Northern cruise along the Atlantic coast of Ireland and Scotland.
Dublin/Dun Laoghaire, Ireland
Dún Laoghaire is a town on the east coast of Ireland, about seven miles south of the capital Dublin. Its focal point is a splendid harbor and the town is surrounded by spectacular rolling hills.
Historically Dún Laoghaire has always been a 'Gateway to Ireland'.
Isle of Man, Irish Sea
Though the Isle of Man was never incorporated into the Roman Empire, the island was noted in Greek and Roman accounts under various names.
Rising water levels cut off the island from the surrounding islands around 8000 BC. Evidence suggests that colonization of the Isle took place by sea sometime before 6500 BC. The first residents lived in small natural shelters, hunting, fishing and gathering their food. They used small tools made of flint or bone, examples of which have been found near the coast.
The Isle of Man is located in the middle of the northern Irish Sea, approximately equidistant from the islands of Great Britain and Ireland, within the British Isles. The closest land is southern Scotland. It is 32 miles long and, at its widest point, 14 miles wide. It has an area of around 221 sq miles. Besides the island of Mann itself, the political unit of the Isle of Man includes some nearby small islands: the seasonally inhabited Calf of Man, Chicken Rock on which stands an unmanned lighthouse, St Patrick's Isle and St Michael's Isle. Both of the latter are connected to the mainland by permanent roads/causeways.
Portrush is a small seaside resort town in County Antrim, Northern Ireland. The population is approximately 6,500 people.
Portrush is a dormitory town for the nearby campus of the University of Ulster at Coleraine. The town is well known for its three sandy beaches, the West Strand, East Strand and White Rocks. The nearby Royal Portrush Gold Club is the only club outside of mainland Great Britain which hosted the Open Championship.
Portree (Isle of Skye), Scotland
Portree is the largest town on Skye in the Inner Hebrides of Scotland. Portree is a bustling port and a thriving cultural center. The port is used by fishing boats as well as pleasure craft. As the cultural center Skye has many attractions including the award winning Aros Center which runs regular theater, concerts and film screenings. There are exhibits which incorporate the drama of Skye's history and sundry other exhibits.
Kirkwall Island (visit & bird watch)
The Royal Burgh of Kirkwall is the capital of the amazing Orkney archipelago, standing at the dividing point between East and West Mainland.
Just north of Scotland lay the Orkney Islands. Washed by the furthest reach of the Gulf Stream, this chain of over 70 islands offers dramatic landscapes that range from sea cliffs rearing 1,000 feet above the waves to sweeping white sand beaches. Bird watchers flock to the Orkney Islands, drawn by the multitudes of sea birds. Divers explore the wrecks lying in the clear waters of Scapa Flow, the Royal Navy's fleet anchorage in two world wars. And most fascinating of all, the Orkney Islands boast the greatest concentration of prehistoric sites in all Europe, including the mysterious Ring of Brodgar and 5,000-year-old Skara Brae.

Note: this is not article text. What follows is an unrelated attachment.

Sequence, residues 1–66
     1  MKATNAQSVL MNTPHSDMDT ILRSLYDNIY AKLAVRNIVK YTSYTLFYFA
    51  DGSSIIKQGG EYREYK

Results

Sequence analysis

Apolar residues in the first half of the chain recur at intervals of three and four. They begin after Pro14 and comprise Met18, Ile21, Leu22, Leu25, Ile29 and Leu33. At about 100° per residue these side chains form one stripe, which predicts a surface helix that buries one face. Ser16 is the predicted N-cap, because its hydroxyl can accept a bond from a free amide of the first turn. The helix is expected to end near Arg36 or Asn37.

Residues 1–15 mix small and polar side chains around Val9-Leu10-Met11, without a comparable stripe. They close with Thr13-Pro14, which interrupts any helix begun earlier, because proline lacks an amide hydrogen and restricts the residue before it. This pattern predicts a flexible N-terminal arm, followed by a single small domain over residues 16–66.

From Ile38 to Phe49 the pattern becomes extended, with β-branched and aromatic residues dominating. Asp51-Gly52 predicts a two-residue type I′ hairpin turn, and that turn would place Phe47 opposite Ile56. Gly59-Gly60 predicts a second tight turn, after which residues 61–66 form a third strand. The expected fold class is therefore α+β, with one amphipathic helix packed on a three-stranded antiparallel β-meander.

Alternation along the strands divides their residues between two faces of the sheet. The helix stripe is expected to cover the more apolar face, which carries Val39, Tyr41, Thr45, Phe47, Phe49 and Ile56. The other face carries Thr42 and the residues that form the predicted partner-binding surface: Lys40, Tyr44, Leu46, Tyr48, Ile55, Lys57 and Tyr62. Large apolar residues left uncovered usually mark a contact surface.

The town of Kirkwall was founded around 1035 by Earl Rognvald Brusason and quickly became the administrative center of Orkney. With its harbor and airport, it is the arrival point for ferries from Shetland and Aberdeen, cruise ships, and flights from the UK, and departure point for ferries to the other islands in Orkney. It is the best place to stock up on supplies for heading on.
Kirkwall's best feature is perhaps its sandstone St Magnus Cathedral, widely considered the finest medieval building in the north of Scotland. The original town is one of the best preserved examples of an ancient Norse town. Other sites of historical interest in the town include including the Bishop’s Palace and Earl’s Palace.
The small town of Invergordon has a naval base and port, and is increasingly used as a stop for cruise ships.
Invergordon is a town with a tremendous history stretching back through two World Wars and is now a center for oil rig and wind turbine refurbishment and maintenance. It is also a major port of call for cruise liners bringing in excess of 70,000 passengers to the area.
Owing to its rugged setting and vast collection of Medieval and Georgian architecture, including numerous stone tenements, it is often considered one of the most picturesque cities in Europe.
Edinburgh is well-known for the annual Edinburgh Festival, a collection of official and independent festivals held annually over about four weeks from early August.
In addition to its famous festivals, there are museums, zoos, theaters and, of course, nightlife entertainment.